Raspberry Pi 101: What is the Pi Anyway?

Raspberry Pi 101: What is the Pi Anyway?

MKRPI2-1Today is March, 14, 2014, known to fans of Raspberry Pi and Pi Day—3.14. Get it? We love Raspberry Pi here at MAKE and the number of Pi fans is growing, but of course there are still lots of people who have no idea what we’re talking about. So, in honor of Pi Day, we’re running an excerpt from Matt Richardson and Shawn Wallace’s Getting Started with Raspberry Pi that breaks down what the Pi is and what all the fuss is about.

–Stett Holbrook, MAKE Senior Editor

It’s easy to understand why people were skeptical of the Raspberry Pi when it was first announced. A credit card-sized computer for $35 seemed like a pipe dream. Which is why, when it started shipping, the Raspberry Pi created a frenzy of excitement.

Demand outstripped supply for months and the waitlists for these mini computers were very long. Besides the price, what is it about the Raspberry Pi that tests the patience of this hardware-hungry mass of people? Before we get into everything that makes the Raspberry Pi so great, let’s talk about its intended audience.raspberry_pi_logo1

Eben Upton and his colleagues at the University of Cambridge noticed that today’s students applying to study computer science don’t have the skills that they did in the 1990′s. They attribute this to—among other factors—the “rise of the home PC and games console to replace the Amigas, BBC Micros, Spectrum ZX and Commodore 64 machines that people of an earlier generation learned to program on.” Since the computer has become important for every member of the household, it may also discourage younger members from tinkering around and possibly putting such a critical tool out of commission for the family. But recently mobile phone and tablet processors have become less expensive while getting more powerful, clearing the path for the Raspberry Pi’s leap into the world of ultra-cheap-yet-serviceable computer boards. As the founder of Linux, Linus Torvalds, said in an interview with BBC News, Raspberry Pi makes it possible to “afford failure.”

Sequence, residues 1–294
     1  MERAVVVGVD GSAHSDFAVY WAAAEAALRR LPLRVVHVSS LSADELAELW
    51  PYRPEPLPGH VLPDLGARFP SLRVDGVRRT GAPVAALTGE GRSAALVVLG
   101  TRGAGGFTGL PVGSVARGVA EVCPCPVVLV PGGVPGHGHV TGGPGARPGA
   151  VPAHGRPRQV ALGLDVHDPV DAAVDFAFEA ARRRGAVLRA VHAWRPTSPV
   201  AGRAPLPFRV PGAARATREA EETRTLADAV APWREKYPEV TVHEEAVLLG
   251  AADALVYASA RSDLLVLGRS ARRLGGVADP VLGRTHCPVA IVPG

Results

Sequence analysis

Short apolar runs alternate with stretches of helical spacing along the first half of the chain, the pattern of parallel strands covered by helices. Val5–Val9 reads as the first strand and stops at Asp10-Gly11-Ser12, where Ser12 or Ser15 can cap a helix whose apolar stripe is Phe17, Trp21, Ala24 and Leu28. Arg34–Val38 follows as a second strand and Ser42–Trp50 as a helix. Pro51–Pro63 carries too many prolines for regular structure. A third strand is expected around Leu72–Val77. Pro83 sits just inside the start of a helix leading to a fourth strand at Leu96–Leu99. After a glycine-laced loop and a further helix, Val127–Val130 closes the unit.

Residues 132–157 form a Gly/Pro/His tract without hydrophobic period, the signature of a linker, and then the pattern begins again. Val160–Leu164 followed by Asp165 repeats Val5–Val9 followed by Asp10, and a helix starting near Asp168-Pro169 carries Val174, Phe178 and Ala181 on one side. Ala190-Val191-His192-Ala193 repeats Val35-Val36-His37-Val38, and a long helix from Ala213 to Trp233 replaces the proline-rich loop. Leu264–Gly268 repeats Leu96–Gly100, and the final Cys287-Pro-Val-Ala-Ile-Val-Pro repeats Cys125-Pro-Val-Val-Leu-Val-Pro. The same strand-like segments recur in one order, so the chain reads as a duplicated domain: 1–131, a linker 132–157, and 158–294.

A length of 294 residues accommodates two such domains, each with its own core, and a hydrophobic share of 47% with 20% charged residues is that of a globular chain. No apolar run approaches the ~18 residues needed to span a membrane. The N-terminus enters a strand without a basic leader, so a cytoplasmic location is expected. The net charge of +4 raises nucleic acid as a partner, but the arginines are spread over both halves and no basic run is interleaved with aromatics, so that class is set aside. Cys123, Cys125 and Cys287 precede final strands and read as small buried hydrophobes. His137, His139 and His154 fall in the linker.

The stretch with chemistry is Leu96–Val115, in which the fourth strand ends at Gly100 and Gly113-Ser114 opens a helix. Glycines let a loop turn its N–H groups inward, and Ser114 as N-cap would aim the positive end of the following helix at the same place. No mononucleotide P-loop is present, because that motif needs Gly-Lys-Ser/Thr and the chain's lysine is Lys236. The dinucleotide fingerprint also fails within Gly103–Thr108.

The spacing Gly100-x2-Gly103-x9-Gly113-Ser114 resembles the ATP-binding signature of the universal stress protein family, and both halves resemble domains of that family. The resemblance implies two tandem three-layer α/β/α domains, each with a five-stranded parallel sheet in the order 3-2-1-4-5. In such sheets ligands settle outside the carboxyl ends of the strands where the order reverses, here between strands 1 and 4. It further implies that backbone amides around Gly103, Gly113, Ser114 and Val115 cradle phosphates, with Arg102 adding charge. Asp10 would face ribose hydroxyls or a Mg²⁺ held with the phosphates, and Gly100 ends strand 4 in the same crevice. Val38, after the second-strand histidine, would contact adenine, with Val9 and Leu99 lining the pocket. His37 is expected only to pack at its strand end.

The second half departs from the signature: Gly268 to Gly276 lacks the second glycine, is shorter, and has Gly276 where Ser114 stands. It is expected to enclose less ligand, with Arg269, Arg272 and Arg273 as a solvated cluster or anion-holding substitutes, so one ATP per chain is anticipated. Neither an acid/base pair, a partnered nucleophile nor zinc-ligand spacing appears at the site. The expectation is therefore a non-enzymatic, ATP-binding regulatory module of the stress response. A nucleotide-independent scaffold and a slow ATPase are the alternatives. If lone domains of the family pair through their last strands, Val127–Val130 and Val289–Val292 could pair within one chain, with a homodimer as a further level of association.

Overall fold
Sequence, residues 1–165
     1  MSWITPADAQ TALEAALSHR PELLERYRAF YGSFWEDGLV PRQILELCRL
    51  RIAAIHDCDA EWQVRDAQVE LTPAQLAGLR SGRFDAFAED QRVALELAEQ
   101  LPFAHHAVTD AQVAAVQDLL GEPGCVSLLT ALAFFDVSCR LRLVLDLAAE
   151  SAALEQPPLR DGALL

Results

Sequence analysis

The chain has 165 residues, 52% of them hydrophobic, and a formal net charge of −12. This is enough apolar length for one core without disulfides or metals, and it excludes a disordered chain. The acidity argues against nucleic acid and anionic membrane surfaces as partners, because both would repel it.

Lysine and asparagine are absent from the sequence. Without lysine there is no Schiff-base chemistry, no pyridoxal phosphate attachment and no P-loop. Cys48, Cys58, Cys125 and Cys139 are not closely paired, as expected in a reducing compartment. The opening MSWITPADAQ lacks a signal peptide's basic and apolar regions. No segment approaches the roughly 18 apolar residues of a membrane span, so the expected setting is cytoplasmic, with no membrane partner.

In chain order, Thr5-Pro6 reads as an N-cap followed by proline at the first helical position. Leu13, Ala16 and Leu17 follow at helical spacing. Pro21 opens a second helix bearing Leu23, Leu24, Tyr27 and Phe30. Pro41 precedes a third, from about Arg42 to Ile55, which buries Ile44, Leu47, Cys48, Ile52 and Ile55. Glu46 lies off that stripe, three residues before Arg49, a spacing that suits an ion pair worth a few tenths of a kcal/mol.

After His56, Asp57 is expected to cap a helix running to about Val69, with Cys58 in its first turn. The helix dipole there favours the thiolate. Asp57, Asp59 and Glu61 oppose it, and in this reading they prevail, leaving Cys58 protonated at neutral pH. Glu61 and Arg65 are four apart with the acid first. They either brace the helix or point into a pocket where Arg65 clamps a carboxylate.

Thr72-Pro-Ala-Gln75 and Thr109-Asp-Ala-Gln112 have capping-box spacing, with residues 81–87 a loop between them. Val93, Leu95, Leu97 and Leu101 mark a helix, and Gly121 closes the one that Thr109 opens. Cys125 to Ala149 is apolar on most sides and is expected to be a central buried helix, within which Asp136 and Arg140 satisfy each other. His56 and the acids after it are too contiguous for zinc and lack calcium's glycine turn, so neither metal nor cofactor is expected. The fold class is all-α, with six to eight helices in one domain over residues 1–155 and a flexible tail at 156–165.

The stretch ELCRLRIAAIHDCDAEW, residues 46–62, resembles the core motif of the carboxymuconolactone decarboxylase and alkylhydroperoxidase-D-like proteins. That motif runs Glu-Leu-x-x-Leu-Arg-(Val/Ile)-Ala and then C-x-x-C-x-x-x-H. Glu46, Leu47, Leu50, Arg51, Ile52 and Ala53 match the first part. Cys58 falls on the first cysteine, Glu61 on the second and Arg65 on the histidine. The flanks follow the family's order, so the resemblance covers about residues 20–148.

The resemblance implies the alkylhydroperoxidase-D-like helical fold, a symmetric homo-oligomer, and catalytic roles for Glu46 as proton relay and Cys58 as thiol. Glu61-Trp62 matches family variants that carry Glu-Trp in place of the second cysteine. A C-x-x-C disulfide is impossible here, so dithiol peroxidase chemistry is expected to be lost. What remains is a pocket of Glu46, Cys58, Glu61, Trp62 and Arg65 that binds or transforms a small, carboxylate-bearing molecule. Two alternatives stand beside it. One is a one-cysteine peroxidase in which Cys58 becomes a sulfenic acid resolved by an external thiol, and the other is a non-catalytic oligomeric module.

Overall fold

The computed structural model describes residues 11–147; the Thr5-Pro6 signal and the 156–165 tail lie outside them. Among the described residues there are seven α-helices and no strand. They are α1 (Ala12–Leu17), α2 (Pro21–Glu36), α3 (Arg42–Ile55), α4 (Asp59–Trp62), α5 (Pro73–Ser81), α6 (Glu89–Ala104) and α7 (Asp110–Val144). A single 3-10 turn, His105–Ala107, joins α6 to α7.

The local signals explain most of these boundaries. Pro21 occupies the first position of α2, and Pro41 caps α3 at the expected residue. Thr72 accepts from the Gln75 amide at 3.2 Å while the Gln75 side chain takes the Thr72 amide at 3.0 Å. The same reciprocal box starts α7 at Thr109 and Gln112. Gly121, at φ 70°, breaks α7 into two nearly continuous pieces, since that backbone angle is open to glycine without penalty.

What Can You Do With It?

One of the great things about the Raspberry Pi is that there’s no single way to use it. Whether you just want to watch videos and surf the web, or you want to hack, learn, and make with the board, the Raspberry Pi is a flexible platform for fun, utility, and experimentation. Here are just a few of the different ways you can use a Raspberry Pi:

General purpose computing
It’s important to remember that the Raspberry Pi is a computer and you can, in fact, use it as one. After you get it up and running, you can choose to have it boot into a graphical desktop environment with a web browser, which is a lot of what we use computers for these days. Going beyond the web, you can install a wide variety of free software, such as the LibreOffice productivity suite for working with documents and spreadsheets when you don’t have an Internet connection.
Learning to program
Since the Raspberry Pi is meant as an educational tool to encourage kids to experiment with computers, it comes preloaded with interpreters and compilers for many different programming languages. For the beginner, there’s Scratch, a graphical programming language from MIT. If you’re eager to jump into writing code, the Python programming language is a great way to get started. And you’re not limited to only Scratch and Python. You can write programs for your Raspberry Pi in many different programming languages like C, Ruby, Java, and Perl.